- Public Works
- Trees & Tree Canopy
Trees & Tree Canopy
Residents can call 859-292-3686 or email the City of Newport to contact the Newport Community Services Department with questions on any tree issue.
About Public Street & Park Trees in Newport
The City of Newport acknowledges how important trees and tree canopy is for a livable community. Trees and tree canopy is important to the City of Newport for a number of reasons, read the executive summary here.
We take seriously the stewardship of our trees and work to implement our community goal in place.
Tree Canopy Goal in Newport
The City of Newport recognizes the value of trees within the community. As such, Newport's goal is to, at minimum, maintain the existing tree canopy cover (amount of city covered by trees when viewed from above) at the current 33%, while working to improve the quality and health of the current canopy as well as equalize the tree canopy cover between neighborhoods - all while maintaining public safety.
Efforts to Work Toward These Goals
The City has taken a number of steps to work toward the tree canopy goals described:
- Part-time Arborist on Staff - Newport now has an ISA Certified Arborist on staff on a part-time basis to provide expert assistance in the proper care, maintenance and reforesting of the City of Newport.
- Building a Proactive Care Program - The City is taking steps to transition into a proactive care program for its public trees. Though a proactive care program can take time to implement properly, this is considered the best practices for care of public trees, and will reduce risk, extend the life of our trees, and in the long term will increase canopy and save the city money. Each year a small section of the public trees will be re-assessed and re-inventoried, and appropriate proactive care (primarily pruning) performed later that year.
- Updates to Tree Protection - The public tree ordinance was updated in 2019 to better clarify responsibilities, utilize industry standards, and set up rules (and fines) for any damage inflicted on these important city assets. Note: Permission is required before any work (planting, pruning, etc.) can be done on any street or park tree. Fines will be incurred for failure to follow the ordinance regulations. View the Tree Ordinance Summary/Highlights (PDF).
- Incorporating Trees in New Development - The city arborist will be involved reviewing plans for development projects.
- Tree Planting Support - The City will continue to work with the community on volunteer planting projects.
How We Manage Our Trees
How does the City manage its trees? All efforts to manage public trees are based on working toward the goal above. There are two structures in place that guide our daily management of city trees in Newport:
- City Code: "Chapter 94 - Trees" of the Newport Code of Ordinances was updated in 2019 based on national best practices in tree care and management.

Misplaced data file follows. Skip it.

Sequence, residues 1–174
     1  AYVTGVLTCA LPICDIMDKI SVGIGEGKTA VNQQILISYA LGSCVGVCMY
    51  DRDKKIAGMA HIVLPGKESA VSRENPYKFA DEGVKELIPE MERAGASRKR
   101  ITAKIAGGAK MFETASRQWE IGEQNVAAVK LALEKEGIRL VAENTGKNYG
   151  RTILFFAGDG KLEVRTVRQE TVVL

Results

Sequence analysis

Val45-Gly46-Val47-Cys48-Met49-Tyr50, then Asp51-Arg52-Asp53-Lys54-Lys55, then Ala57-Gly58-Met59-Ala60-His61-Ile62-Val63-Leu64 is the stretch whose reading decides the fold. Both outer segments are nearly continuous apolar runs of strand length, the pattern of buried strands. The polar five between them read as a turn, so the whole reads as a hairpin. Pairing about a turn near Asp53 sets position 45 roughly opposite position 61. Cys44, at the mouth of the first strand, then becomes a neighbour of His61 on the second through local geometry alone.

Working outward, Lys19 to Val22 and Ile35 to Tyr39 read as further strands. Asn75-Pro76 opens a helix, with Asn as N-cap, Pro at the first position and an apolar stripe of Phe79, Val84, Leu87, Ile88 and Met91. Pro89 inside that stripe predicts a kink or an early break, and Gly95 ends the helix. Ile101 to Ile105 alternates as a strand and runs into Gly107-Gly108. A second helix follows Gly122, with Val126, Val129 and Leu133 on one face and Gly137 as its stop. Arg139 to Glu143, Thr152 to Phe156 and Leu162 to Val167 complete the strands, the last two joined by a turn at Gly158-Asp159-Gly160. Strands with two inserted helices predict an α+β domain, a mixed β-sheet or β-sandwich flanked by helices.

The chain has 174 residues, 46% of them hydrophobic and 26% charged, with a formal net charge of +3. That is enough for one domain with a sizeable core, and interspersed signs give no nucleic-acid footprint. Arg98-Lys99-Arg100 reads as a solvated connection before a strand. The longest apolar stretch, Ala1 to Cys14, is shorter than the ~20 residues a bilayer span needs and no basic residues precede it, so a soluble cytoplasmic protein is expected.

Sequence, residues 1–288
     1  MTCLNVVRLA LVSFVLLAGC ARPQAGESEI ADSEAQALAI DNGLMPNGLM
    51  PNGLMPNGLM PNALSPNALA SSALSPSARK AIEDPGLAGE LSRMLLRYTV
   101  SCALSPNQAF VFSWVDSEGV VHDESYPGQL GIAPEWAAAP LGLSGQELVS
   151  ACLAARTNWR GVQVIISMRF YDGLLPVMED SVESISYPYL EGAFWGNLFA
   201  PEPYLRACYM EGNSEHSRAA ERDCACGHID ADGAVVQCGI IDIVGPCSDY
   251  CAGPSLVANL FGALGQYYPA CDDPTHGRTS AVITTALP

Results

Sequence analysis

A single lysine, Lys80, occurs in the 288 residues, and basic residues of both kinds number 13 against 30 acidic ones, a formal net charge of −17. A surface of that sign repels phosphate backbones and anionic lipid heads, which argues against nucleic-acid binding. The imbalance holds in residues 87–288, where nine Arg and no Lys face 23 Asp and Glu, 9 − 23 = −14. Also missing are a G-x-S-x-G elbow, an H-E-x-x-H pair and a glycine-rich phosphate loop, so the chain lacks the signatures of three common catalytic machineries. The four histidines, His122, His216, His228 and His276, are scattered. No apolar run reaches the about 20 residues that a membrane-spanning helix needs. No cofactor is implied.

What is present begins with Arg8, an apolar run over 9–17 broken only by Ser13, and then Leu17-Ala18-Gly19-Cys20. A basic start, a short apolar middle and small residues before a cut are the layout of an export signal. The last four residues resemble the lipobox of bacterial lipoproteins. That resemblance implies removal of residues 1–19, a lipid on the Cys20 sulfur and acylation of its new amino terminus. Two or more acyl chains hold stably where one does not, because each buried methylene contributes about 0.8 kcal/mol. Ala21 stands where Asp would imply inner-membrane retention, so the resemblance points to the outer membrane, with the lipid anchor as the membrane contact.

- Management Policies and Procedures: There are then policies and procedures in place that guide the everyday management of this important asset.
These two pieces together build our management program.
Duke Energy is scheduled to prune tree branches away from overhead power lines in the East Row neighborhood starting in February and continuing through the spring of 2020. Learn more in the Tree Pruning by Duke brochure (PDF).
What We Get From Trees
In cities across the country, there are many residents who lament the presence of urban trees, citing a number of problems. The most common of which are that they are messy, damage sidewalks and are sources of potential property damage from falling limbs or total tree failure. However, thanks to new technology and modeling tools, trees have now been proven as valuable city infrastructure and critical to vibrant communities because of the benefits they provide, with benefits shown to outweigh the maintenance related work associated with trees.
1. Trees Provide Effective & Low-Cost Solutions to a Myriad of Urban Challenges
Urban trees have proven to be an effective tool across multiple city management areas, including planning, economic development, public health, and sanitation. They have been proven to alleviate water and air pollution, improve public health, increase property value, and enhance the success of business districts.
2. Trees Are a Smart Investment
On an annual basis, cities often see a strong return on investment related to tree costs and benefits. A recent five-city study found that cities accrued benefits ranging from $1.50 to $3 for every dollar invested in trees (U.S. Environmental Protection Agency 2015).
3. Trees Increase in Value Over Time
Unlike man-made systems, trees are the only urban infrastructure that actually increase services and value over time. As trees mature, benefits increase exponentially, unlike more traditional city infrastructure such as roads and bridges that deteriorate with age.
The emerald ash borer (EAB) is a pest from Asia that has been killing ash trees in the U.S. since it was found in 2002 near Detroit, Michigan. By 2009 it had migrated to our area (largely through sale of infested firewood). Once infected, an ash tree can die within just 4 to 5 years, and often become extremely brittle and lose limbs well before death. Though treatment options do exist, they are expensive and must be reapplied regularly. To learn more about the emerald ash borer, visit the University of Kentucky College of Agriculture's Emerald Ash Borer page.